Washington • When Air Force One descends into Salt Lake City on Monday morning, planes departing and arriving will be held, causing momentary delays for travelers.

And President Donald Trump’s motorcade — mixed with pending snow showers — will likely cause some headaches for drivers in Utah’s capital city as he zips around to meet with Mormon church leaders and speak at the state Capitol.

Trump, visiting Utah to announce he’ll shrink Bears Ears and Grand Staircase-Escalante national monuments, will be brief — he’s spending less than three hours on the ground — but will consume the state’s focus for the day.

Monday marks Trump’s first visit to the state as president, though no public events are scheduled for residents to see him.

Trump arrives just before 11 a.m. Monday at the Utah Air National Guard Base attached to Salt Lake City International Airport. From there, he heads to Welfare Square to meet with officials from The Church of Jesus Christ of Latter-day Saints and where he’s expected to take a quick tour of the faith’s humanitarian efforts for the needy.

After that, Trump will appear at the Capitol to sign an executive order reportedly removing some 2 million acres from the national monuments created by his Democratic predecessors in southern Utah. Sen. Orrin Hatch and Interior Secretary Ryan Zinke, who are traveling with the president from Washington, are expected to speak as well.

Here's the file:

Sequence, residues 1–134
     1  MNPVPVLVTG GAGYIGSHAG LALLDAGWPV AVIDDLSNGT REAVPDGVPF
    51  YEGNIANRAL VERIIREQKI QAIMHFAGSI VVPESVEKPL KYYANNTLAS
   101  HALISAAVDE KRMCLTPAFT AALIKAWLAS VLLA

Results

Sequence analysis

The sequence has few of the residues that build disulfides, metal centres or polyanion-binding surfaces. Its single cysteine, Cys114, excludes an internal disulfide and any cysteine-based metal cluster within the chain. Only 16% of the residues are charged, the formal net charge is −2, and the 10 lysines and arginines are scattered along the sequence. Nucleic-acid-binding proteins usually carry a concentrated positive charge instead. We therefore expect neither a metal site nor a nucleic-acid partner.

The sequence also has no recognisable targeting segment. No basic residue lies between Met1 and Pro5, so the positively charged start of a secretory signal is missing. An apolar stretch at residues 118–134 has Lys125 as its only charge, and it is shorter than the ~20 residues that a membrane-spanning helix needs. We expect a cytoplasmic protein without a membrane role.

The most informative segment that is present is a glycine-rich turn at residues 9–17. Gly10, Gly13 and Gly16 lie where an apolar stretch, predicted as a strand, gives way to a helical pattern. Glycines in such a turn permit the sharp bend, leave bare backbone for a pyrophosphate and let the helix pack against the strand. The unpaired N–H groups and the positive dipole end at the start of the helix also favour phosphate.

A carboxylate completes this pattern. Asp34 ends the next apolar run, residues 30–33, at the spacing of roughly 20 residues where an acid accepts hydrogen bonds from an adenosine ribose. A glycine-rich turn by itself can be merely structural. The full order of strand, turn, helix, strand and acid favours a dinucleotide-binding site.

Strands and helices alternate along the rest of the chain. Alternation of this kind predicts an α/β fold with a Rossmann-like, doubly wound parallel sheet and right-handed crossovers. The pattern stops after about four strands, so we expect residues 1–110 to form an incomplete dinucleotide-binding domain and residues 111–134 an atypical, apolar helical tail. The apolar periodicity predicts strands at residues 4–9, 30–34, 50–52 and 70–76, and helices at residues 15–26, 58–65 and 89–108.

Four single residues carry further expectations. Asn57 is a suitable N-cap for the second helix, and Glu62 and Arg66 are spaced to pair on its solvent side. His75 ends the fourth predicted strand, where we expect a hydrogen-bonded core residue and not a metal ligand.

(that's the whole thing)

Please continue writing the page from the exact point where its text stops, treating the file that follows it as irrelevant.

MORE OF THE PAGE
Trump departs Salt Lake City at 1:35 p.m.

The Capitol event is open only to invited guests, guaranteeing a friendly crowd excited about the reductions in the monument, as well as pre-credentialed media. A protest also is planned in the area.

The Southern Utah Wilderness Alliance told supporters in an email and Facebook post that it is planning a protest starting at 10:45 a.m. just across from the Capitol grounds along 300 North, calling Trump’s actions an “egregious assault on America’s public lands” that amounts to “the largest rollback of protected areas in U.S. history. It is also an appalling affront to Native American tribes who sought healing and cross-cultural understanding through protection of their sacred sites and ancestral homelands.”

The group cautioned, “This is a peaceful protest. We do not condone violence or destruction of property.”

Sportsmen for Fish and Wildlife, founded by Don Peay, one of Trump’s biggest Utah backers, took out a full-page ad in Utah’s metro newspapers Sunday to thank Trump for “hearing the voice of the Utah people, and for protecting our lands, wildlife and heritage of our public lands.”

As with any presidential visit, police are likely to shut down freeways and some roads as Trump and his motorcade move about Salt Lake City. The area around Welfare Square, just west of downtown, and the Capitol are likely to be secured as well.

Trump, who captured 45 percent of Utah’s vote in the election and holds an approval rating hovering around 50 percent in the state now, will spend more time traveling to and from Salt Lake City on Monday than actually on the ground in Utah. He’s expected to return to Washington about 5:15 p.m. Mountain Time.